Soldiers in Mare
Gabriel's story is not an unusual one. Aged 13, he loves playing football with his friends, and looking after his pet horses, turtle, chickens, dogs and rabbits. But life changed for Gabriel earlier this year, when he was out playing with friends. Since April, the army has occupied the favela called Mare in Rio de Janeiro, which Gabriel calls home, to challenge the dominance of heavily-armed drug gangs in the area. During a confrontation between the armed forces and residents, Gabriel was hit in the arm by a bullet.
"We were playing marbles when the guys appeared," he remembers. "They started shooting. The bullets hit the bridge and I ducked. When I came up, a bullet hit my arm. I screamed: I've been shot! I was in so much pain. I thought I was going to die, or lose my arm."
Though Gabriel and his family believe he was shot accidentally, the incident illustrates how dangerous it is for children living in Mare to go about their daily lives. What was intended to make their community safer has, in many cases, left them in more danger. Many believe the army occupation in April was related to the World Cup arriving two months later, as Mare lies on the route from Rio's main airport to the city centre and would be passed by tourists. During the period of the tournament, five children died during police actions in Rio de Janeiro, including a three-year-old boy, most from stray bullets.
Since Gabriel was shot, the favela has undergone more violent upheaval. An attempted takeover by rival factions on the weekend of Brazil's elections, which took place on October 5, caused a shootout which spilled onto one of Rio's main arteries. Last month, the president of the residents' association for a region of Mare called Timbau was murdered by an armed gang. The proposed replacement of the army by Rio's military police has been delayed several times. It is now set to happen in December, leaving residents faced with going about their daily lives in what resembles a war zone until then.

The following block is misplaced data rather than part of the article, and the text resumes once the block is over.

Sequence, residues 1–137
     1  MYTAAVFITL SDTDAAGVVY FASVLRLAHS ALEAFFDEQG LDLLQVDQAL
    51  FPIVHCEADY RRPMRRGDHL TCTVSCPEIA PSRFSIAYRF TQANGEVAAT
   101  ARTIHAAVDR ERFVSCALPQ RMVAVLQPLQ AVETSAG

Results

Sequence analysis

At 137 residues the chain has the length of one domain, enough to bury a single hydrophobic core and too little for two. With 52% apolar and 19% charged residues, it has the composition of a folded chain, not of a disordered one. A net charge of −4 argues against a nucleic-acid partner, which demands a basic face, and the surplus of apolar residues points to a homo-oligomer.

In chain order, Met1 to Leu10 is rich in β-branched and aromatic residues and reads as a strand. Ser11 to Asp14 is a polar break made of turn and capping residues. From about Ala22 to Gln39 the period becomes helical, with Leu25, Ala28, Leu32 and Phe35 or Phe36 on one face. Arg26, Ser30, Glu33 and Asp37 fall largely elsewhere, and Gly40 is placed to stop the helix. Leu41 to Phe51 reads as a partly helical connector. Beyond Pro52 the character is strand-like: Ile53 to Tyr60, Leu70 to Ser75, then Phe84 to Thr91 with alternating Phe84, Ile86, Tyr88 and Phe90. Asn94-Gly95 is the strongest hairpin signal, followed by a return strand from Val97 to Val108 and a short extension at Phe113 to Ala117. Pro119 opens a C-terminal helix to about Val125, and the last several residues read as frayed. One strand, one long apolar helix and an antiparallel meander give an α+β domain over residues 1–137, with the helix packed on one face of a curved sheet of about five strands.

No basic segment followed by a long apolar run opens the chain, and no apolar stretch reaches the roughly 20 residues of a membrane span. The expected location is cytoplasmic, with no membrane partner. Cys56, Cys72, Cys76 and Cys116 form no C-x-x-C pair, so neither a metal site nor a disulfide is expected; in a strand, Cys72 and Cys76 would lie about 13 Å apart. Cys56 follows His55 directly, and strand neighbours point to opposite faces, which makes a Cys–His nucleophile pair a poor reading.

"In reality, what we have in Mare are four armed forces: drug traffickers, militias, the army and the military police," said resident and journalist Thais Cavalcante, 20. "Imagine coming back from work to find a tank in the street, and lots of armed men. We don't have our freedom." Thais remembers one soldier shouting "Good morning!" at her. When she didn't respond, the soldier shouted out: "Good morning soldier, that's what you should say to me." She hurried home quickly without looking back. Despite that intimidating incident, there is one group which she believes are targeted more than any other. "Young, black boys are always approached by the authorities," she said. The army says it holds regular meetings with the community to address any issues that arise, but many residents still report tensions.
The occupation is part of a wider project dubbed pacification, which involves putting military police into some of Rio's most dangerous favelas. While the aim isn't to wipe out drug dealing completely, the authorities hoped the project, which began in 2007, will radically reduce deaths and injuries as a result of gun violence. However, it has hit problems, with police accused of torturing bricklayer Amarildo Dias de Souza to death in Rocinha, in July 2013. Other claims of rape, corruption, and beatings have followed.
A project was launched this weekend across 13 favelas, including Mare, to look at the impact of this militarisation of favelas on young, black people living there. Many spoke of the difficulty living in places where violence is a daily reality - and it seems that hopes of peace are a long way off.
Terre des Hommes is investigating the effects of mega sporting events on children.
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